Instinctively, I am not the most open-to-new-ideas/new-things kind of person. However, an unexpected diagnosis of stage IV, non small-cell lung cancer (NSCLC) at age 54 and a half – along with its equally unexpected “13-month to two-year prognosis,” changes a few things. And thanks to a great friend, Rebecca Nenner, whom I have written about previously, I have/have had to become more open, and consequently, have assimilated into my life many non-Western, non-traditional alternatives (pills, supplements, super foods, activities/behaviors, etc.) with which I was totally unfamiliar (I’m a sports and chocolate kind of person), in an attempt to outlive my prognosis. And nearly six years later, I am here to say: been there, still doing that; by following many of Rebecca’s suggestions. Moreover, as a passionate health and fitness advocate, and now “Certified Holistic Health Coach,” Rebecca has guided me through the maze which characterizes life living with cancer. Presumably, given the fact that I’m still in the game, it’s likely her recommendations have contributed to my overall good health and unexpected life expectancy.
Nevertheless, stories abound electronically and in literature, of cancer patients who have eradicated their tumors in unconventional ways; ways that I’m not at present pursuing. Rebecca, for one, has regularly provided me with an evolving array of information/success stories for my consideration. In spite of it all, I don’t, generally speaking, feel compelled to add as many new things as I once did; finally, the point of this column: I want to feel good about what I’m already doing, rather than feel bad about what I’m not doing. Heck, I should be one of those success stories with patients wanting to know what I’ve accomplished.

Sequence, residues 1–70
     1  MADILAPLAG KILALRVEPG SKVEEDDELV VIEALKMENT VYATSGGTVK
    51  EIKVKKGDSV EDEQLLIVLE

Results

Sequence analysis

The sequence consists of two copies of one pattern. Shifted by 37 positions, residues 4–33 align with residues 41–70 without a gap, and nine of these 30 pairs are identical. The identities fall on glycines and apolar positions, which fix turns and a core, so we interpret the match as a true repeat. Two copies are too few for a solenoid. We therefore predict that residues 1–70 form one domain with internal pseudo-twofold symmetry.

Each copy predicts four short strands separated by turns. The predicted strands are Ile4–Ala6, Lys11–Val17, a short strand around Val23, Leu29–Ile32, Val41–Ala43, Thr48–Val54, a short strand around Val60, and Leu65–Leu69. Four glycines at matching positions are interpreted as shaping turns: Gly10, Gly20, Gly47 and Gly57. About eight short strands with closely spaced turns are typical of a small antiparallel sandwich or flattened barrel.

Even though being alive 68 months post-diagnosis is a “miracle,” according to my oncologist, I really shouldn’t/can’t rest on my still-alive laurels and close back up again. I’d like to think I’ve learned something from my survival. Yet I don’t want to feel as if I have to add something new because something old might not be working anymore. Part of my hesitation is, “if it ain’t broke,” why should I fix it? Maybe my thinking should be: just because it was broke, don’t mean it can’t be fixed. If I don’t add/dare I say, upgrade – or worse, subtract and start following my not-very-open instincts – I may be closing the only opening I have left. Or, and here’s where the problem/decision on how best to proceed gets muddled (at least in my head), might I be affecting my status as quo, which given the February, 2009 prognosis, is pretty amazing? My worry is: if I added some new things, would I be threatening my present or securing my future? Unfortunately, there’s no way to know. Whatever I do/don’t do however, my goal is to feel good about what I’m doing/not doing, not bad about it. And as I’m sure you all can imagine, as a characterized-as-terminal cancer patient, there’s already plenty to feel bad about. The trick is…heck, there is no trick. It’s just mind over matter, and try not make matters worse while somehow not being afraid to make matters better.